Marathoners and half marathoners alike pass by the sane spectators holding up homemade signs that say:
I could write an entire post about the hilariously encouraging and inappropriate race signs that can be seen along the sidelines, but I'm trying to stage an intervention here.
The first step is to admit it. You're crazy.
"Oh, I love running!" "I don't want to run anymore for a while." "I just wish I could get out there and run!" "I am not a runner. I hate it." "It's so fun! You feel great!" "Running is hard. And boring."
I personally have said all of those things. Those are obviously not the words of a mentally stable person. I'm either doing something I hate or not doing what I love. It's simply inexplicable. What's even crazier is that I'm not the only one. In fact more and more people just like me learn they are this way every day.
Melissa is a 17 year old high school senior who is beginning to embrace her inner runner. I can't diagnose her as full blown crazy, but she has some of the initial symptoms. For her, "running is a serious love/hate relationship. Thinking about doing it, when I first start to run or work out, and the soreness I feel when I'm done makes me absolutely loathe it. With that being said, I love the energy I feel afterwards, I love how I feel about myself when I'm done, I love the sense of accomplishment I get, and I love just focusing on one foot in front of the other hitting the pavement and not worrying about anything else."
I love Melissa's story of how she got started, because it's so relevant to most people's lives and tendencies. She admits that she's always "liked the idea of running" but never thought she could do it. She also shared with me that she has been very self-concious about how she looks when she runs. But I am more than happy to also say that these things did not stop Melissa from starting or continuing to run!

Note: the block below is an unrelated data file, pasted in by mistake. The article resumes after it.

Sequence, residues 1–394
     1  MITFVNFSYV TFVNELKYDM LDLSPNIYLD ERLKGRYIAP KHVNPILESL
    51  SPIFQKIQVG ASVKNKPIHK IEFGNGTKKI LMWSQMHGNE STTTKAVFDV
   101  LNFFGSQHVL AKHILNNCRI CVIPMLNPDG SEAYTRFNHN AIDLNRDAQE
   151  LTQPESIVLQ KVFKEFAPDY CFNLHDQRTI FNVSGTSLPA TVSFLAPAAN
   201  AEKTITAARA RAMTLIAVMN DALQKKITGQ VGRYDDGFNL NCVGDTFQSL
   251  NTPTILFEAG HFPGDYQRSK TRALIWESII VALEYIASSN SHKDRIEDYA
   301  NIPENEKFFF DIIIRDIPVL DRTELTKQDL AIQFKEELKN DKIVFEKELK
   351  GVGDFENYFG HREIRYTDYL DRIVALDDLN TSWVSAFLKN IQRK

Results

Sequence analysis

She began with finding a Couch to 5K application on her iPod, but she let it sit there and taunt her for months before she finally gave it a shot. On her first try, she went all out for the sprint, and was quickly discouraged by her inability to maintain it. And with a discouraging first try, she was put off for a few weeks at the idea of running. But did she stop, NO! Melissa jumped on the best pace keeper known to man, the treadmill. A few days a week after school, she would walk at home on her treadmill, slowly gaining speed with each walk. Allowing herself to adjust to faster paces incrementally also boosted her confidence that she can run and improve along the way.
Melissa got the courage to get out there and "run" again. And although she says, "It's not really running, and it's not even a fast jog, but it's doing something, and I love how accomplished I feel when I'm done. I've definitely realized that it doesn't matter how fast you are as long as you're passionate about just doing the best you can. It's not easy, and this is one of the hardest things I've ever done, but it's oh so worth it!"
With a testimony like this one, Melissa is on her way to running success, and she's making a great case for herself to be just as crazy as the rest of us. She's also mulling over the idea of a 5K, and I'm pretty sure with a little encouragement, she's might be insane enough to try it.
Know the signs. Check yourself often. If people call you crazy, if the stores in which you shop sell shirts that say "crazy", or if people make signs for others doing the same thing you're doing, you just may be crazy. And if you're going to be off your rocker, you might as well be running.